Employer Risk

Potential issues with recruiting and retaining workers.

Links

Brexit Hub

Beyond Brexit: employment rights and the UK-EU Trade Agreement

The new points-based immigration system briefing

EU nationals working in the UK briefing

Subject Matter/Name of Development Employment Bill
Summary

The awaited Employment Bill is expected to provide the right to: request a more predictable contract; one week’s unpaid carers’ leave; extended maternity protection on redundancy; protection of workers’ tips; neonatal leave and pay; and to pave the way for the creation of a single enforcement body. A right to flexible working as a default is also expected (with employers potentially finding this harder to refuse in the aftermath of the pandemic).

Impact Date

Implementation dates are currently unknown (although indications are that neonatal leave will be April 2023)

Employer Implications/Action Needed

The introduction of a single-enforcement body could prove significant in relation to future claims.

Employers reliant on casual workers should anticipate a new right to request a more predicable contract. All employers should assess the potential impact of the new leave provisions and changes that will make flexible working the default position.

Employer Risk

Failure to take account of the changes once implemented could result in grievances and potential litigation.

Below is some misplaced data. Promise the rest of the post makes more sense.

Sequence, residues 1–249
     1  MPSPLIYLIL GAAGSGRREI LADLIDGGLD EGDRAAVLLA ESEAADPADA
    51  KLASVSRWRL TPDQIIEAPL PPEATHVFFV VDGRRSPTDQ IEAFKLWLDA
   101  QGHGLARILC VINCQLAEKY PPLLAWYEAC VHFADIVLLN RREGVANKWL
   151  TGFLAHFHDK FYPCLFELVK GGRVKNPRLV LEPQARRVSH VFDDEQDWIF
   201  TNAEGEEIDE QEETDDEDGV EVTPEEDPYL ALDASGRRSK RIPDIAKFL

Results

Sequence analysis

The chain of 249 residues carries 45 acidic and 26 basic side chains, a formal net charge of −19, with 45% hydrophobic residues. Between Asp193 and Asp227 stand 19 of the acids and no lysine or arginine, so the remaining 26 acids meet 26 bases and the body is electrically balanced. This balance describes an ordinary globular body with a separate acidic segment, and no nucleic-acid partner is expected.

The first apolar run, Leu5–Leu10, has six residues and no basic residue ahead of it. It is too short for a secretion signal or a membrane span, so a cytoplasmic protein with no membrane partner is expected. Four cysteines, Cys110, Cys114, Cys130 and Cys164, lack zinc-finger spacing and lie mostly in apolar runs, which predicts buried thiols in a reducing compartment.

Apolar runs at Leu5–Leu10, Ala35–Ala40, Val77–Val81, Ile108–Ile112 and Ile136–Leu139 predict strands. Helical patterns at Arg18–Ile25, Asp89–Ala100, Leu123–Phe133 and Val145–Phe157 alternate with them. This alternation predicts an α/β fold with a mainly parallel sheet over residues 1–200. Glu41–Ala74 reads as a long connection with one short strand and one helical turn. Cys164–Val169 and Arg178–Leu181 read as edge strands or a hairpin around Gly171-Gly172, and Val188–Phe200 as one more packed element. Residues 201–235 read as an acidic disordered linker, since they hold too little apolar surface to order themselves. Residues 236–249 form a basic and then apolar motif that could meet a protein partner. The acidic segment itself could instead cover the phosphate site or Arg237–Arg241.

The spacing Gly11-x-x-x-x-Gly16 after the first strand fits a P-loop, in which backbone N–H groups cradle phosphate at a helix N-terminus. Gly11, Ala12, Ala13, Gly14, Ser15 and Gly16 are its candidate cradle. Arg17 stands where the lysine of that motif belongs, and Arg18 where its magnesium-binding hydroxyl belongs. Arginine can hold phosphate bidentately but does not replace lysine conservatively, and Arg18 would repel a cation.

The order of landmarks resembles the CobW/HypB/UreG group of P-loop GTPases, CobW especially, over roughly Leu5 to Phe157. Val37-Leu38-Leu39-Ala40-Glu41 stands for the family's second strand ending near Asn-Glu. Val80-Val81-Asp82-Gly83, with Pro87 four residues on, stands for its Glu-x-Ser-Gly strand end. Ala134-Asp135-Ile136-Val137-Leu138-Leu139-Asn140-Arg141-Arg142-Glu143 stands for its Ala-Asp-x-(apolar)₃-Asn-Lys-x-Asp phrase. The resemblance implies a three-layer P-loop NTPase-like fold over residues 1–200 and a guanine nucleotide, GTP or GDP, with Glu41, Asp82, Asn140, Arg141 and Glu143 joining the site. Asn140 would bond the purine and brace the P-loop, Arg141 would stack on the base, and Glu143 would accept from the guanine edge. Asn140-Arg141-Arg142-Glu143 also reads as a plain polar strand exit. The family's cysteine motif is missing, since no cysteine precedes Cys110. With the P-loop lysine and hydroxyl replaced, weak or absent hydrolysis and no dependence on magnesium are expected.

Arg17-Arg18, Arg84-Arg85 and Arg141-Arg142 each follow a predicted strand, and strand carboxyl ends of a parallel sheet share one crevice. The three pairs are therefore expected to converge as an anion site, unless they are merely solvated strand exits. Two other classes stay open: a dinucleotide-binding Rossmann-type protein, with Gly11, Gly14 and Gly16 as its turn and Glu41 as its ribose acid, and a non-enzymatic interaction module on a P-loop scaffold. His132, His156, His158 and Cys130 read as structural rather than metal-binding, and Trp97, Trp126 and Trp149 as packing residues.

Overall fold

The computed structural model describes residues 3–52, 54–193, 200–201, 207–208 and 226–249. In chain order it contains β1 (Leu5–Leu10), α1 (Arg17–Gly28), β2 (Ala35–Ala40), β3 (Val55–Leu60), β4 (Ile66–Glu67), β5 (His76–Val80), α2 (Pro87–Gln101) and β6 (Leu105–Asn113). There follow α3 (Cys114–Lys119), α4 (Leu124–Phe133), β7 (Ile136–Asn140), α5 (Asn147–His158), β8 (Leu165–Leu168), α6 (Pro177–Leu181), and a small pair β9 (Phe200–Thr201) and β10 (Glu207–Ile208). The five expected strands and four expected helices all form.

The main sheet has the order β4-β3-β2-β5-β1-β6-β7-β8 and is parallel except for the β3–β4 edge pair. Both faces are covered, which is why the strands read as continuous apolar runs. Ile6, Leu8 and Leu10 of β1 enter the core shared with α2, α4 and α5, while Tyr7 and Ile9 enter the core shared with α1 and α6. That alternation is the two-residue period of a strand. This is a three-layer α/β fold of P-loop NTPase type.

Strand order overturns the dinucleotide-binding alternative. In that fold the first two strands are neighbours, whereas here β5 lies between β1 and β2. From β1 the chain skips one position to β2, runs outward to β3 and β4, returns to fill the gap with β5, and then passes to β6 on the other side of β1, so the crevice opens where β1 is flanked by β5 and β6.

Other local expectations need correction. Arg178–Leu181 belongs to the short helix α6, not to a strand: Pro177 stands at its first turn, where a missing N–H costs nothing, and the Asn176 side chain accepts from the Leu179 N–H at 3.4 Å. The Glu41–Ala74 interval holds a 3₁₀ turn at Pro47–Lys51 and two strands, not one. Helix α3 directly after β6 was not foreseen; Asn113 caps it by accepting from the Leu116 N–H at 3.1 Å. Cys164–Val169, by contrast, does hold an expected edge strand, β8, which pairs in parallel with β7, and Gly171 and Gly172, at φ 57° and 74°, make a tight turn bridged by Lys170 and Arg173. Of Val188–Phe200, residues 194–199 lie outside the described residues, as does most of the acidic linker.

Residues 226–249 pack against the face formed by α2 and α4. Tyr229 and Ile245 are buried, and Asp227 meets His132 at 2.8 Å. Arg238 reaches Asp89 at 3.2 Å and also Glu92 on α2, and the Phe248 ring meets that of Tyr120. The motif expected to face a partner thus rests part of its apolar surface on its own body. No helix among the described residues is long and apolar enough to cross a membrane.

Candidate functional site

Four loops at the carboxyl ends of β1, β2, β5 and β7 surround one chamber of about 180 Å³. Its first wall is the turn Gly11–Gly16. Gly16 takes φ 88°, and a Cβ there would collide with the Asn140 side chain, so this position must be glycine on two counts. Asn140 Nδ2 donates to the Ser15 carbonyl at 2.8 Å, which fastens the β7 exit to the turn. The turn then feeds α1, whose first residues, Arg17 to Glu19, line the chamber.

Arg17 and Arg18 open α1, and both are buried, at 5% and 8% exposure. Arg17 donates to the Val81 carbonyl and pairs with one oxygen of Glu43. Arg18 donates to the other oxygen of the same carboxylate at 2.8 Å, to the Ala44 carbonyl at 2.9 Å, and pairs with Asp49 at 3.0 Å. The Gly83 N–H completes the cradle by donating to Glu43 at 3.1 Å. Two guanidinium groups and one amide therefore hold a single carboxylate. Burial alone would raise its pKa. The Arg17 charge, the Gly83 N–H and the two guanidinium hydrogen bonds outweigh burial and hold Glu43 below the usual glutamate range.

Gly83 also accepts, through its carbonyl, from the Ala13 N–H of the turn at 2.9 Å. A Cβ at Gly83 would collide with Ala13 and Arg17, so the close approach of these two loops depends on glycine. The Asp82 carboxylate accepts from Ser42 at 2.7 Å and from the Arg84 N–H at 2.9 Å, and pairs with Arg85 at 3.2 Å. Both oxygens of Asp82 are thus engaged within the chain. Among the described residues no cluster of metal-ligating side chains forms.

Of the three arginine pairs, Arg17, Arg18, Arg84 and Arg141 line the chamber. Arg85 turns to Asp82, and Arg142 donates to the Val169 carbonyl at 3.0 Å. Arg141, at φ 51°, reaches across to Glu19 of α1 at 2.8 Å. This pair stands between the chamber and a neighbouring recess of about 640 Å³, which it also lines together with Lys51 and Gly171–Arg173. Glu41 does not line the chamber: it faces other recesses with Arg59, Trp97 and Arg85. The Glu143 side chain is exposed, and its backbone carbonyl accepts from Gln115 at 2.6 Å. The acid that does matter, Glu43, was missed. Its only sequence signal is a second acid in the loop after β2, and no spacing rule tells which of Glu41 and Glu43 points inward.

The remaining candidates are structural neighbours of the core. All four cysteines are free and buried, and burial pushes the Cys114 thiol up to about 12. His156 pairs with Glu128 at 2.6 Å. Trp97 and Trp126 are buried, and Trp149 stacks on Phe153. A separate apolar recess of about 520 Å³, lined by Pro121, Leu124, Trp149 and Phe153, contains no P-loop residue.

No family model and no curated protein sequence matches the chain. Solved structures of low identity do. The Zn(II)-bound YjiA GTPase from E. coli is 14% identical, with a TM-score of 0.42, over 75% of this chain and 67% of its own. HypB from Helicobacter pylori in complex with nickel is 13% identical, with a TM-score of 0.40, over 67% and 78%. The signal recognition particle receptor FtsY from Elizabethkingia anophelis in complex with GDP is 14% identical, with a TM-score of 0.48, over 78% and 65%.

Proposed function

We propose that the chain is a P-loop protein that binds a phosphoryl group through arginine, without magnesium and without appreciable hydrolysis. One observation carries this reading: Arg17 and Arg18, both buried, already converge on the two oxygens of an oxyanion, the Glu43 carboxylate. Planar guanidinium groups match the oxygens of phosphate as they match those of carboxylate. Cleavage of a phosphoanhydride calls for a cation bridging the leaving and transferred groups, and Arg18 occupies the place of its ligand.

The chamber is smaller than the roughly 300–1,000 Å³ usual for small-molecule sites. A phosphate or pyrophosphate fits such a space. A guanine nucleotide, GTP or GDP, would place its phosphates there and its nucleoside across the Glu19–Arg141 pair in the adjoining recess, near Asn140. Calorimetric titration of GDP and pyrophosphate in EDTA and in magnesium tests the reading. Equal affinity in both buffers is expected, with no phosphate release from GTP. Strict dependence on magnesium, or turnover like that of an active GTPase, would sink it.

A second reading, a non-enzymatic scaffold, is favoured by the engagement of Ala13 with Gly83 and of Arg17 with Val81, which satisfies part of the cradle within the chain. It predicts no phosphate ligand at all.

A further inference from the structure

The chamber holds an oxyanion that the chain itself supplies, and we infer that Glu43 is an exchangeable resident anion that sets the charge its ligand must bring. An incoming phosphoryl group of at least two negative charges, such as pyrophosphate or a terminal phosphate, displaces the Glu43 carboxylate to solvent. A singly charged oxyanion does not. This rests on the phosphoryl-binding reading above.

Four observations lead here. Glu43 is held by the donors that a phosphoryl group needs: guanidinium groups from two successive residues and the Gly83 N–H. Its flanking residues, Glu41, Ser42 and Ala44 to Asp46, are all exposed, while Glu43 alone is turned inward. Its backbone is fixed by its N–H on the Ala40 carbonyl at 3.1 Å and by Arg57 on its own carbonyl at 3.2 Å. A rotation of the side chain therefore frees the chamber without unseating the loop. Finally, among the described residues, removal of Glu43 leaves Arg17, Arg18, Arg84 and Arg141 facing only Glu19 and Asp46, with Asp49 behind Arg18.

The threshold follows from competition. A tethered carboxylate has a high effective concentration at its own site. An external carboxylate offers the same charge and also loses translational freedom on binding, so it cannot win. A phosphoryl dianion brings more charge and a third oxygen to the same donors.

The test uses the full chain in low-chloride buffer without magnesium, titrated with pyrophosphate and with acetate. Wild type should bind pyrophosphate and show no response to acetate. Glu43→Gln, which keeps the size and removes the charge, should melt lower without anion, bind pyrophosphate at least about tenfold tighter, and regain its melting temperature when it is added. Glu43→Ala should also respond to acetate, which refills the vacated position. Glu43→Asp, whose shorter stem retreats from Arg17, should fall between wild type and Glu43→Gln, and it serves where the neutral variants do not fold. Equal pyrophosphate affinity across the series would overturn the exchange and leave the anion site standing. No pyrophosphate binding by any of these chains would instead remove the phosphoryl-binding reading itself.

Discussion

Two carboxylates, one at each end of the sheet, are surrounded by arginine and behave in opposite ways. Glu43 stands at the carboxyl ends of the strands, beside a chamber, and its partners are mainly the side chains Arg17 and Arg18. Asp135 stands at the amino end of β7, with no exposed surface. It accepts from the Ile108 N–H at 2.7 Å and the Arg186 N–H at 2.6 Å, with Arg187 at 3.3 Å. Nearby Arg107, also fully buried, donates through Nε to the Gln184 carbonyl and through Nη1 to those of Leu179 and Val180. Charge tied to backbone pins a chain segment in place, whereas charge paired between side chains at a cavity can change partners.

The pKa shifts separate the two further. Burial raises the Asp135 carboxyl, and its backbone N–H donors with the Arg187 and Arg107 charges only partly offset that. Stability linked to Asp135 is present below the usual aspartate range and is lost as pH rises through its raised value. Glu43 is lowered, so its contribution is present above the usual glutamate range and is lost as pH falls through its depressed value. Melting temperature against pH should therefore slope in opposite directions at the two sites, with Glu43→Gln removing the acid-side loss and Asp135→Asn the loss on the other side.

Links

What next for employment law briefing

Subject Matter/Name of Development

IR35

Summary

Responsibility for determining the tax status of workers who supply their personal services via an intermediary, such as a personal service company, is transferring to many private sector end user organisations from 6 April 2021 (under the extension of tax rule IR35).

Impact Date

6 April 2021

Employer Implications/Action Needed

Employers should take steps now to consider the makeup of workforces and address business needs to prepare for the introduction of the new requirements and minimise potential disruption to supply chains. Steps to prepare should include a review of employment models and contractual terms and training staff to understand the practical implications of the new regime.

Employer Risk

Failure to comply with the new requirements could result in liability for any underpaid employment taxes and penalties.

Link

IR35 guidance materials

Subject Matter/Name of Development

Gender and ethnicity pay reporting

Summary